A second lawsuit challenging Wisconsin’s new voter I.D. law is expected to be filed next week. The Milwaukee branch of the National Association for the Advancement of Colored People will be the lead plaintiff in the suit, which will also include Wisconsin immigrant rights group Voces de la Frontera and several individuals, said Milwaukee attorney Richard Saks.
“We’re arguing that the photo I.D. requirement is an unreasonable and onerous burden on the state constitutional right to vote for Wisconsin citizens,” said Saks, who is representing the plaintiffs. Saks said the law is tantamount to a denial of the right to vote for “scores of thousands of voters, if not hundreds of thousands of voters, throughout the state of Wisconsin who don’t have the types of I.D.” now needed at the polls.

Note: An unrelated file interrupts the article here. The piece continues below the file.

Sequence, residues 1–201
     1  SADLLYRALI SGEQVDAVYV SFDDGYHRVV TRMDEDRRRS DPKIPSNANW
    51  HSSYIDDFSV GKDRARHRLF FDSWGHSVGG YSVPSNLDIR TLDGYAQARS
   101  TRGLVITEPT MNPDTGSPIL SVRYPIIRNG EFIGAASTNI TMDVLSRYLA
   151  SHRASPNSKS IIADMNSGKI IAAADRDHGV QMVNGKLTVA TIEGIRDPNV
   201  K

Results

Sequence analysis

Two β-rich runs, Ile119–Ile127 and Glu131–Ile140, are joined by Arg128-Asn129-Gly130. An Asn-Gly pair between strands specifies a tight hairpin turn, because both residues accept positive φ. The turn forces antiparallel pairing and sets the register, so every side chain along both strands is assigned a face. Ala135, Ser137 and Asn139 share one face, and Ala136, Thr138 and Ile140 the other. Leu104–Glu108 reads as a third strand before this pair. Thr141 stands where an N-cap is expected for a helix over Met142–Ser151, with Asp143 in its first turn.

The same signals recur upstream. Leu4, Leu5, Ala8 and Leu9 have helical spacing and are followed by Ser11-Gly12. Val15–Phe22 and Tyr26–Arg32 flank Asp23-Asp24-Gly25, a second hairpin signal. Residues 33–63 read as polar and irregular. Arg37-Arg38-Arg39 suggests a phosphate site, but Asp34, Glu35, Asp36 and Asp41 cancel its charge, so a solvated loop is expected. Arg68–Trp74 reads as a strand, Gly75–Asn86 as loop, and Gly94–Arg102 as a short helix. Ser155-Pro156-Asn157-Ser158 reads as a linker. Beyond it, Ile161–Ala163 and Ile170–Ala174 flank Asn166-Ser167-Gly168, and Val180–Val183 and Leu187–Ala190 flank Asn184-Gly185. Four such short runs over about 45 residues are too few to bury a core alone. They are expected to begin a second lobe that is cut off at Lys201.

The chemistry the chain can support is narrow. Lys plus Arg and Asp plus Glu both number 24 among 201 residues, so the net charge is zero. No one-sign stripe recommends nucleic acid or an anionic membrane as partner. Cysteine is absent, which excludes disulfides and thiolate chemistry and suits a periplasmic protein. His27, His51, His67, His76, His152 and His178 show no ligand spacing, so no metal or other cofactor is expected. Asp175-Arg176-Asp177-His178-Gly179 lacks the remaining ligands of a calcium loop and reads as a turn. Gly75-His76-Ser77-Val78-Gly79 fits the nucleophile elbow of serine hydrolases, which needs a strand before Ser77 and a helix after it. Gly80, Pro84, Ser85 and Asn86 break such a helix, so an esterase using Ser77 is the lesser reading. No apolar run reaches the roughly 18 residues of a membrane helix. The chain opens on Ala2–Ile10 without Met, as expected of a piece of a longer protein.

People seeking an I.D. to vote are being burdened with financials costs, as well the investment of “many, many hours of preparation, planning, travel, waiting and dealing with various government agencies,” Saks said.
His group has surveyed hundreds of people at Department of Motor vehicle locations in the Milwaukee area, he said.
The lawsuit would follow one filed in October by the League of Women Voters of Wisconsin, which is arguing the legislature didn’t have the authority to pass the law based on the state constitution.